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Statutory paternity leave: new rules from April

15 January 2024

New parents will have more flexibility to choose when to take statutory paternity leave under changes applying from April 2024. Here’s what employers need to know and do.

Under the current rules, new dads and partners can take up to two weeks’ statutory paternity leave on the birth of their child. This is paid at a statutory rate of £172.48 each week. Leave must be taken in the first eight weeks and has to be taken as a single chunk of either one or two weeks. To be eligible for leave and pay, employees need six months’ continuous service. Statutory paternity leave is also available to the second person adopting a child (with the primary adopter being eligible for adoption leave).

The rules around how and when statutory paternity leave can be taken are now being relaxed.

What is changing with paternity leave?

Under the new rules, employees will be able to take statutory paternity leave at any point in the first year (up from the first eight weeks) and will be able to split it up into two separate blocks of one week (rather than having to take two weeks together).

This means that a new parent will be able to take statutory paternity leave in a variety of new ways, for example:

  • one week when the baby is born and a second week after nine months when their partner returns to work; or
  • no leave when the baby is born, but two weeks after 10 months.

The notice requirements are also changing. Currently, employees must give notice of their leave dates 15 weeks before the birth. This is changing so that dads/partners will only have to give 28 days' notice of the leave they intend to take, although notice of entitlement must still be given 15 weeks before birth.

Finally, there is a tougher regime for declaring entitlement. Under the current rules, employers can ask the employee to sign a declaration that they are an eligible parent and that they want the leave for legitimate purposes (to care for the child or support their partner). The new rules say that employees must declare their eligibility and the legitimate purpose of their leave.

What is not changing with paternity leave?

The purpose of the leave must still be for the employee to care for the child or support their partner. This remains likely to be interpreted broadly, but a new dad cannot, for example, take paternity leave to go on holiday without the baby.

Statutory paternity pay will go up slightly in April 2024, to £184.03, in line with the usual practice of uprating statutory payments. There are no plans to significantly improve on this low level of payment. Employers may choose to offer full pay (and many do) but, where employers do not top up pay, parents are generally better off taking holiday instead.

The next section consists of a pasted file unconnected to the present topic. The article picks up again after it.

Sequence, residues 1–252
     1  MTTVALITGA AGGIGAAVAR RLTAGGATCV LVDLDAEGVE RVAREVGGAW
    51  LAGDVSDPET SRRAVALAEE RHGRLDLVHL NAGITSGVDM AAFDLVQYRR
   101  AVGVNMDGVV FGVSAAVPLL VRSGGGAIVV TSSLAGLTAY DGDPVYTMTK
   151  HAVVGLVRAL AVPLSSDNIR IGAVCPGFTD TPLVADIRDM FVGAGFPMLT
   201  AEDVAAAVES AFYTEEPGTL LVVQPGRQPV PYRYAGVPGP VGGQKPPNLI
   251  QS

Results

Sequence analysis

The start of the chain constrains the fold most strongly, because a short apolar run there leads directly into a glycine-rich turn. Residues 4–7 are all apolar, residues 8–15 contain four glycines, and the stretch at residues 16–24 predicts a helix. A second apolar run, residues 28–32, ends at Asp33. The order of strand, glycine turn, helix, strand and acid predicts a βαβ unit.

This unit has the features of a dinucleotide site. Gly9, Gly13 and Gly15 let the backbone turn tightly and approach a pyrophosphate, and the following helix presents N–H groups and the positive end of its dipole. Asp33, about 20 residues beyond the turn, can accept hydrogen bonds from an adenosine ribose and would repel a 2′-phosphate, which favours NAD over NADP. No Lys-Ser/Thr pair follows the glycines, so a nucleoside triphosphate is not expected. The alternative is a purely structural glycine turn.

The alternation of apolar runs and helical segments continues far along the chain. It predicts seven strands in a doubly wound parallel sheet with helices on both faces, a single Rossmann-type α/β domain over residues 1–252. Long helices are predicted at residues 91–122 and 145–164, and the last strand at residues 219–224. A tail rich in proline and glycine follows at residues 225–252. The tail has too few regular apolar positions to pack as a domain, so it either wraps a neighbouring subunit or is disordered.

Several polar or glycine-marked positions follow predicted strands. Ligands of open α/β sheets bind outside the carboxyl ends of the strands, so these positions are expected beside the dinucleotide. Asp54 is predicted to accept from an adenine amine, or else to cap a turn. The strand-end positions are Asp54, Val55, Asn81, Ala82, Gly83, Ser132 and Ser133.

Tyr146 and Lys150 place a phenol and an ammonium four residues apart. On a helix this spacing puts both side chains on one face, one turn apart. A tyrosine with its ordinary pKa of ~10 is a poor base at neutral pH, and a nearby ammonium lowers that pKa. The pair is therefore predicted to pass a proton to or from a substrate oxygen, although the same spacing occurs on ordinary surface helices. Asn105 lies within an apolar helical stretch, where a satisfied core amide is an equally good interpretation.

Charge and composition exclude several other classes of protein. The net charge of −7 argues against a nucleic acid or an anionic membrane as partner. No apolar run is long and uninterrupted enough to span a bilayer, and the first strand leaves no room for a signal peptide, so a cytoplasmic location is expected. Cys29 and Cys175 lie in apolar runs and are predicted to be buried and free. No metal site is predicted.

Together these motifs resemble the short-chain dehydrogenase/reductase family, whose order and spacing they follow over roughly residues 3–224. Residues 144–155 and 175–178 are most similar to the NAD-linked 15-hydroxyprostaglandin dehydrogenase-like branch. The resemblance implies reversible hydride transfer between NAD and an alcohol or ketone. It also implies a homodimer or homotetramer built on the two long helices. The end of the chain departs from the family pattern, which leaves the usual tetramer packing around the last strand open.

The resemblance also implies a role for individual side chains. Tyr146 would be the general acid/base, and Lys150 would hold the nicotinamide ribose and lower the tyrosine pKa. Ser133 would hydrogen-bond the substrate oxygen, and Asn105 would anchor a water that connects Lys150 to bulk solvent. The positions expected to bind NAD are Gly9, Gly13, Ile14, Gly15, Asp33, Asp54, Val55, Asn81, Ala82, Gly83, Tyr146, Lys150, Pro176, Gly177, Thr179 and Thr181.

Employers have no right to postpone statutory paternity leave or request that it be taken at a different time. This makes perfect sense for leave taken at the time of birth or adoption, since the employee cannot control those dates and the employer cannot reasonably argue over them. The lack of any employer say over the days will continue, however, when the rules change and the window in which leave can be taken significantly increases. This means that eligible employees will be able to take statutory paternity leave at dates of their choosing at any point in the first year, as of right, even if the dates are inconvenient for the employer. In this one respect, therefore, taking paternity leave differs from booking holiday.

Statutory paternity leave is not available if the employee has already taken shared parental leave. Employees therefore need to have used up paternity leave before taking shared parental leave. This rule is also staying put and may become more significant when the rules change and employees become entitled to take paternity leave during the whole of the first year.

Finally, statutory paternity leave must still be taken in whole weeks.

When do the changes to paternity leave take effect?

The new rules apply to babies expected to be born after 6 April 2024 and to children expected to be placed for adoption on or after 6 April 2024.

What do employers need to do?

Employers may need to update their paternity leave policies, and people managers may need updating on the new rights.

From a practical perspective, once the new rules take effect, employers could experience a small uptick in employees taking statutory paternity leave, especially when employees want to avail themselves of the right to taken their chosen dates without risk of cancellation. The overall impact is, however, likely to be modest given that the overall entitlement remains just two weeks and statutory payment remains low.

Employers should also consider what level of payment they want to make for statutory paternity leave as a matter of policy. Offering full pay is increasingly the norm.

Looking further forward, the Labour Party has indicated that it could scrap the six months’ service currently required to qualify for statutory paternity leave, so further change may lie ahead under a change of government.

The amending regulations (currently in draft) are available here.

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